The high level of payments on government bonds led to a reduction in the financial potential of this group of states and limited the amounts allocated by them for crisis response. This factor has a negative impact on the economies of these countries, slowing down the recovery pace.
Over the past decade, the sovereign debt of developing countries has grown significantly - from USD 1.5 trillion in 2009 to USD 3 trillion in 2020, with the largest increase in Africa. An even faster increase in liabilities was noted in the private sector of this group of states. They grew from USD 2.2 trillion in 2009 to USD 5.8 trillion by 2020(1). As a result, the total debt of the developing world, including emerging market countries, reached 176% of their GDP, including private debt - 123% of GDP(2).
The growth in the commitments of developing countries was driven by several factors. The key factor was the soft monetary policy of economically developed countries. It caused a large-scale decline in interest rates and thereby increased investor interest in riskier investments, including the liabilities of emerging economies. The expansion of several financial instruments and the entry of new participants into the markets also had a significant impact, which provided developing countries with access to the international capital market. It resulted in an increasing share of private investors in their liabilities (48% in 2019 compared to 26% in 2000(3) and a related increase in the cost of debt service. The latter indicator has exceeded by 2020 30% of annual export earnings compared to 16% in 2010(4). There was also a sharp decline in the ratio of foreign exchange reserves and short-term debt (from 505% in 2008 to 278% in 2019)(5).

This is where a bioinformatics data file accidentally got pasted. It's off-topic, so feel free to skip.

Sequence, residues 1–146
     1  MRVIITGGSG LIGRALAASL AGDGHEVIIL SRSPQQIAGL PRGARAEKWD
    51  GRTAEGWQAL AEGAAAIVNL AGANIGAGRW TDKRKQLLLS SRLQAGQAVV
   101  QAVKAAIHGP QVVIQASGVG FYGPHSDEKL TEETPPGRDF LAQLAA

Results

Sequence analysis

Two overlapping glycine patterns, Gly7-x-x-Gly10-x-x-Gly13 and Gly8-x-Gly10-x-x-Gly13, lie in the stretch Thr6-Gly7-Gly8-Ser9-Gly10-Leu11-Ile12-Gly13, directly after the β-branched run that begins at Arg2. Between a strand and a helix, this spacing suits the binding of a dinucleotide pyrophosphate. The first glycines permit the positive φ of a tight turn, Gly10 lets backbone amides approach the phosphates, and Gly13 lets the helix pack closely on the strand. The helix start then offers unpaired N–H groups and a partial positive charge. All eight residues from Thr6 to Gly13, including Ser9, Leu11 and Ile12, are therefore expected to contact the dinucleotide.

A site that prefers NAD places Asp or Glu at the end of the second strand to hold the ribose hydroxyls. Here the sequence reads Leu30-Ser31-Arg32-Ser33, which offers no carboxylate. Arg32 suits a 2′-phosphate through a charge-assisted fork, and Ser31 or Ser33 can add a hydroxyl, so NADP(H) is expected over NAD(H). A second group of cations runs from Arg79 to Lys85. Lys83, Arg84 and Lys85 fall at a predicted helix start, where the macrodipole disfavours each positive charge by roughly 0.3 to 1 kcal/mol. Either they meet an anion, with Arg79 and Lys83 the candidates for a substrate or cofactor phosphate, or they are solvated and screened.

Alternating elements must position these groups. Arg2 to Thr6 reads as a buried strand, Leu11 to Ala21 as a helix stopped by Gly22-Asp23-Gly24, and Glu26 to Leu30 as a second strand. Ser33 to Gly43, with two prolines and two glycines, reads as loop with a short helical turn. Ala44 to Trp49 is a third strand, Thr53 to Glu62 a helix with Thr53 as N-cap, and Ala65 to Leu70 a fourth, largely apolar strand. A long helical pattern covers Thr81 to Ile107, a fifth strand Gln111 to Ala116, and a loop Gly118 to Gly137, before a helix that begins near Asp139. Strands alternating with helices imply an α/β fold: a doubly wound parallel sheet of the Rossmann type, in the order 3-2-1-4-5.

As a result, many developing economies have faced by 2020 an increased negative impact of the debt factor on their budgetary capacity. More than half of the least developed countries, as well as several middle-income countries, began to be assessed by international financial institutions (IFIs) as having high debt risks. At the same time, the efficiency of using borrowings decreased. The average growth rate of investments in fixed assets, recognized by experts as a key factor of economic growth, decreased (from 8% in 2009 to 2.5% in 2019)(6). This was caused by channeling the borrowed capital to cover current expenses, for example, to service current debt, which reduced the long-term financial capacity of sovereign debtors.
The pandemic fallout has increased pressure on the budgets of developing countries. Despite the help from IFIs, more than half of the developing countries experienced capital outflows and an increase in the cost of borrowing(7). At the same time, the crisis response financing led to a further increase in government obligations. For the last 12 months, their volume increased by a record 9%(8). As a result, the debt of more than 120 states has reached, according to some estimates(9), a level that will not allow them to independently settle debt servicing if the further external deterioration. In some countries, debt payments accounted for, for example, half of budget revenues (Angola, Ghana, Nigeria)(10).